Art, Culture, Books and Travel
By Elisha Mayallah
I had to get away, to clear my head. The beginning of the year had more than its fair share of stress, and I was readily distracted to the point where reading, writing and thinking were more difficult than ever before. My concentration had been diminished. It was early this month.
So I sent an email to my friend, who runs a travel company in Kampala. He had organised a trip I’d taken a year ago and I had been overwhelmed by the sites, smells, sounds and tastes, but at the same time I felt cut off from the narrative of lives I watched unfold.
I wanted to return to Kampala to clear my head of that earlier visit. A short bus ride to the airport and a 4-hour flight (with a transit-break) was all I needed to get to one of the most unique, diverse place in the East African region.
My reasons for going to Kampala were very clear: Beautiful countryside, unique culture, delectable local food menus (similar to a home-cooked meal at a local family’s home), the nightlife and, of course, the city of Kampala.
It was around 10 pm on a Wednesday night in nearly pitch black darkness when my plane touched down on what seemed a very dimly lit runway in Entebbe, Uganda. As I walked off the plane onto the tarmac I was greeted by a starry night sky, a slightly chilly, but refreshing breeze, and a familiar country.
I then approached the terminal, took a deep breath and nervously searched my pockets for my passport as security guards strolled through the queue of people waiting to get their passports stamped for entry into Uganda.
When my host finally saw me after I had picked up my luggage, he looked wide eyed and relieved. It had taken me an unusually long time to make it to the gates leading to the frenzy of taxi drivers, families, and friends waiting for the arrived passengers.
With it being late in the night on the road towards Kampala, the road stretched before us, I could not make out much of the landscape other than the paved road ahead of me. I could, however, make out the many shanty one-storey structures that lined the streets most of the way from the airport to Kampala.
It would not be until the next morning when I woke up, with only a slight jet lag to my surprise, and walked outside into the sunrise as the morning dawned clear and sweet – without more than a whisper of a breeze. And onto the hotel’s patio that I would see the beautiful city of Kampala where I had arrived the night before.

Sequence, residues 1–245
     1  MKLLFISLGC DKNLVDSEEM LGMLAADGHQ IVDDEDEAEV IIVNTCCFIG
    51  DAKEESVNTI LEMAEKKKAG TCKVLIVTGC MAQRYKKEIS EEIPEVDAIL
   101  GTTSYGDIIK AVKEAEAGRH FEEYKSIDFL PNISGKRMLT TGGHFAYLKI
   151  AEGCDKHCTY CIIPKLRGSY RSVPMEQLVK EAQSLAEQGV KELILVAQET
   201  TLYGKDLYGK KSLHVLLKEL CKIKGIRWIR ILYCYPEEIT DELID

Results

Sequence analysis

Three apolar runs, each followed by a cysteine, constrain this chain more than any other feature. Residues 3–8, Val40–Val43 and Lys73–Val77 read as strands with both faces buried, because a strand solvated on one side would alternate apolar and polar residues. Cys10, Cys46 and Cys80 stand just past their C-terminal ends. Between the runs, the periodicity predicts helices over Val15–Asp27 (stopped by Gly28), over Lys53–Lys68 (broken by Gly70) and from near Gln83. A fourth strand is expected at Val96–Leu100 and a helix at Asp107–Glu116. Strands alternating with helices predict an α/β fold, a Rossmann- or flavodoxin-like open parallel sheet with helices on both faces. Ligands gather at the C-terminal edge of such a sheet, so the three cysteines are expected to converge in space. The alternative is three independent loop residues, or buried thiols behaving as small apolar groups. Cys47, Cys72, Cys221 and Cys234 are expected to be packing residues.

It is very difficult to recall a single version of Kampala considering the unpredictable experiences I have had visiting the city over the years. But several hills, expansive countryside, loads of people and businesses and beautiful buildings grace and dominate the panorama and the skyline of the capital city of the “Pearl of Africa”. Who wouldn’t want to visit it?
Other things I noticed about the local people include their devotion to family and their knack for being very social. Locals are generous, friendly people who embrace visitors who want to see and learn more about their beautiful country.
In Kampala, night life is the way of life. Every visit, I find myself in different places, a stretch of inviting drinking joints, pubs, hotels and restaurants, crammed underneath apartments, compete to provide its patrons with the utmost possible service.
While walking around the streets of the capital city, there are people everywhere. There is, however, much more traffic than the city was built for; be careful walking along the narrow streets, as it seems to be up to pedestrians to jump out of the way of cars and ‘bodabodas’ attempting to manoeuvre past each other, and many drive much too fast in the city roads.
That said, vendors chatting it up on the sidewalk to anyone who will lend an ear and transact, is also another daily sighting.
Plus dozens of modern shopping malls have set up their footprints in and around the city such as Garden City, Nakumatt Oasis, Quality and more: The usual shopping streets in the CBD continue to attract hundreds of shoppers all day long.
For a change of pace, Muyenga, Kabalagala, Mukono, Kawempe, Ntinda, Nakulabye, Kololo, Bulange, Bweyogerere, Nakawa and more provide a laid-back relaxation and a chance to cosy up in comfort. That said, Ggaba, a fishing village located near the shores of Lake Victoria has stood still in time possessing a medieval charm uncommon in other fisherman areas, and the preparation of assorted fish delicacies here proves to be nothing short of exquisite.. It is the place to head if you fancy fresh Tilapia and chips.